What crimes fall under the three strikes law?

In California, a “strike” offense is any conviction that is defined as a serious or violent felony under the California Penal Code. Serious felonies are listed in California Penal Code Section 1192.7(c). They include, but are not limited to:

  • Murder or voluntary manslaughter;
  • Mayhem;
  • Rape;
  • Any felony punishable by death or imprisonment in state prison for life;
  • Any felony in which the defendant personally inflicts great bodily injury on any
  • person;
  • Any felony in which the defendant personally uses a firearm;
  • Attempted murder;
  • Assault with intent to commit rape or murder;
  • Assault with a deadly weapon or instrument on a peace officer;
  • Exploding a destructive device or any explosive with intent to injure;
  • Any burglary of the first degree;
  • Robbery or bank robbery; and
  • Kidnapping.

Violent felonies are defined by California Penal Code Section 667.5(c). Violent felonies under California law include (but are not limited to):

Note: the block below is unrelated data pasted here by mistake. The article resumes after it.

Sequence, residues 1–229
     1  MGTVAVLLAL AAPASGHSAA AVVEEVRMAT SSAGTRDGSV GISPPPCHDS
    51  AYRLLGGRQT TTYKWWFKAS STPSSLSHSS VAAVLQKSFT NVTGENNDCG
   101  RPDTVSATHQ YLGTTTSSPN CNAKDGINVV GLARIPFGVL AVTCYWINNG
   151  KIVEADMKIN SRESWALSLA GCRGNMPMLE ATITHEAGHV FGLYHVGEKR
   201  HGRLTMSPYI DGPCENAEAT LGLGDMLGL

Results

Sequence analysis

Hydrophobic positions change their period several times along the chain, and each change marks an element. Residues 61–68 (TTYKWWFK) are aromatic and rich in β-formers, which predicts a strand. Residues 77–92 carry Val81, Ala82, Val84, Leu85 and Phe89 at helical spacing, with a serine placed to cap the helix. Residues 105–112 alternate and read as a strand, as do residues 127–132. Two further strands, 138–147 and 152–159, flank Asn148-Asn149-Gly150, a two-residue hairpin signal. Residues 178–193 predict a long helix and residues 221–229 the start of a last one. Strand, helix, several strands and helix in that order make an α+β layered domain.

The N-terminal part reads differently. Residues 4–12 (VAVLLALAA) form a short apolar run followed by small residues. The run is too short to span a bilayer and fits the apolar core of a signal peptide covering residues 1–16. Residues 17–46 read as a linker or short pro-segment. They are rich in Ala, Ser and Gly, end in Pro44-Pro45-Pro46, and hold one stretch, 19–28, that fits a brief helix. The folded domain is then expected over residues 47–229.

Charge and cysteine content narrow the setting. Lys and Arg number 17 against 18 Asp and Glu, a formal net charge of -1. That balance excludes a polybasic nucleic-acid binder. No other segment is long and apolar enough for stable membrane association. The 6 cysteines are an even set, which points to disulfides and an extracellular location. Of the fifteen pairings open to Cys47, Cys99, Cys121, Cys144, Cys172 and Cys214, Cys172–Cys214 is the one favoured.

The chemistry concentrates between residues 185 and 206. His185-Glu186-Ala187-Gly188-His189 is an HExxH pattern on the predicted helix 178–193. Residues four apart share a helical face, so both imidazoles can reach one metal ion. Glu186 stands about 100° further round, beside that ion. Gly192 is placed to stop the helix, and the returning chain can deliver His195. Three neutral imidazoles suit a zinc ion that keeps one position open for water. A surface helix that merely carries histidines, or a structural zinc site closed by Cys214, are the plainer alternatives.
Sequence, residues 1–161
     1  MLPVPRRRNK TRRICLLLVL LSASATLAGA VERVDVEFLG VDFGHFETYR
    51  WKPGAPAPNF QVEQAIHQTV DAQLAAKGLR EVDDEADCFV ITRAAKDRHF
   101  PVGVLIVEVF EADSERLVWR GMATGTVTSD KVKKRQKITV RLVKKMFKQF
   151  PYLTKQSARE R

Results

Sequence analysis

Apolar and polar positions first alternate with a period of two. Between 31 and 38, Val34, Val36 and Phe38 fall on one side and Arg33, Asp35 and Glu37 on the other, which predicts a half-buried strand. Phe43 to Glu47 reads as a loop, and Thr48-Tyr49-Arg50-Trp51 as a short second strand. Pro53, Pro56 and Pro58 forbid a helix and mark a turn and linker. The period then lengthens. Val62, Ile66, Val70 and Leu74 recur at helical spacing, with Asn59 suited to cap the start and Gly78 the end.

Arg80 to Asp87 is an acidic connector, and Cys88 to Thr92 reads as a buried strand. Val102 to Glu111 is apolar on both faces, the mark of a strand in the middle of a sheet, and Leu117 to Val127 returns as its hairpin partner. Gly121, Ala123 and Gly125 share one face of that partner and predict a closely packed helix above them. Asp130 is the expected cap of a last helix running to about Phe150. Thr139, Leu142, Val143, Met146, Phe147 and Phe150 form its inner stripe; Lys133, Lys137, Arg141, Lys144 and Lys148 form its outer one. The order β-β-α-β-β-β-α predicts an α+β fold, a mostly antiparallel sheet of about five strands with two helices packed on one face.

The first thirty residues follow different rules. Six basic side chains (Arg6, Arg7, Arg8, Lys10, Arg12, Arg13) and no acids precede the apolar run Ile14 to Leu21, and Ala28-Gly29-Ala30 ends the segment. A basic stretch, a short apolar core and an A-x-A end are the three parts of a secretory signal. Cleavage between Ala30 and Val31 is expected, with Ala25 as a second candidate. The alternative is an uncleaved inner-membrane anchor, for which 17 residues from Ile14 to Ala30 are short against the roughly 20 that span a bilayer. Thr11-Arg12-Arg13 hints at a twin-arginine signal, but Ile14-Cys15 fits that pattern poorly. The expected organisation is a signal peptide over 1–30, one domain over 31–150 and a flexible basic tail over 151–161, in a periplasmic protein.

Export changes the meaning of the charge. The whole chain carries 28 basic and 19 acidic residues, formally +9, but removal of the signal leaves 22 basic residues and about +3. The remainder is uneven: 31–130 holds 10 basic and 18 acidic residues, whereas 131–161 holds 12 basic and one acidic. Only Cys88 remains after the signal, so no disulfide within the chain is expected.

• Murder or voluntary manslaughter;
  • Mayhem;
  • Certain types of rape;
  • Any felony punishable by death or imprisonment in the state prison for life;
  • Any robbery;
  • Attempted murder;
  • Arson (some forms);
  • Kidnapping;
  • Continuous sexual abuse of a child;
  • Assault with intent to commit a specified felony; and
  • Rape, spousal rape, or sexual penetration.

In addition, certain juvenile convictions — known as “sustained petitions” — may also count as strikes. If the juvenile conviction (1) would count as a strip as a serious or violent felony; (2) the crime is listed in California Welfare and Institutions Code 707(b); and (3) the juvenile was at least 16 years old when the offense occurred, then it will qualify as a strike.

A defendant can be charged with multiple strikes in a single court proceeding. Out-of-state convictions will count as strikes if they would be considered strikes under California law.

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